This section is from the book "The Gardener V1", by William Thomson. Also available from Amazon: The New Organic Grower: A Master's Manual of Tools and Techniques for the Home and Market Gardener.
In this family there are several very handsome greenhouse shrubs. The two which the writer considers best are A. um-bellata and A. uniflora. The former is the largest-growing species, and the freest-flowering, but the flowers of the latter are individually larger and more showy. They are early spring-flowering plants, coming into bloom about the middle or end of March, and lasting about six weeks. The flowers are white suffused with pink, and are borne at the extremities of the branches, in umbels in the case of the first-named species, and singly in the case of the second. They are easy plants to cultivate. Being natives of the Cape of Good Hope, they like a cool greenhouse temperature, similar to that of a heath-house during winter; but in spring and summer they like a warmer atmosphere, especially when making their growth. Good fibrous loam is the soil in which they thrive best: if dense and heavy, it will be improved by mixing a little good fibrous peat with it; and sand, in any case, is an essential part of the compost. The drainage of the pots should be good. The plants should be cut back more or less immediately after flowering is over, and it may be necessary to thin out the branches at the same time, in which case the weakest should be selected for removal.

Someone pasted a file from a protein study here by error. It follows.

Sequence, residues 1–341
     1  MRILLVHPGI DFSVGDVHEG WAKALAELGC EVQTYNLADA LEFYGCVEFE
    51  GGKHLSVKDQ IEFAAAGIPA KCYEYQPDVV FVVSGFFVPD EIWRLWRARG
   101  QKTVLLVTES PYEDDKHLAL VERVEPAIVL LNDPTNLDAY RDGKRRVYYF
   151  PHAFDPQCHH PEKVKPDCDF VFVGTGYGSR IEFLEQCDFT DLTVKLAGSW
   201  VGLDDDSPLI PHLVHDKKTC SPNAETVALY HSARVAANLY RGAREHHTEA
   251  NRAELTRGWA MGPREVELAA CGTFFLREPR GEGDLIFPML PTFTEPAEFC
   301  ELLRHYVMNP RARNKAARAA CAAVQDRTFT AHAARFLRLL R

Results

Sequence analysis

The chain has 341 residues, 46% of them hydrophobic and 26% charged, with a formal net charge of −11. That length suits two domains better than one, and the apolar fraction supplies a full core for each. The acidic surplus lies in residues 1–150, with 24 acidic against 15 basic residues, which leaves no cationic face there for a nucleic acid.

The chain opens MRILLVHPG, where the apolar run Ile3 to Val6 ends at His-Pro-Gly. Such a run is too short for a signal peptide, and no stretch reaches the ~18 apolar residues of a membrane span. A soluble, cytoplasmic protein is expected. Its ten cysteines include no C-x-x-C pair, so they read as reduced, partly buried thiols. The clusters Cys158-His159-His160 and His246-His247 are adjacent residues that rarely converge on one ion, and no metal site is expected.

In thinning out, care should be taken that the plants be not opened out too much, while the opposite extreme of excessive thickness is also to be avoided. They are easily propagated by cuttings of nearly ripe shoots inserted in sandy soil in a cool propagating-house, giving them time to establish themselves, not attempting to hasten them in any way. W. S.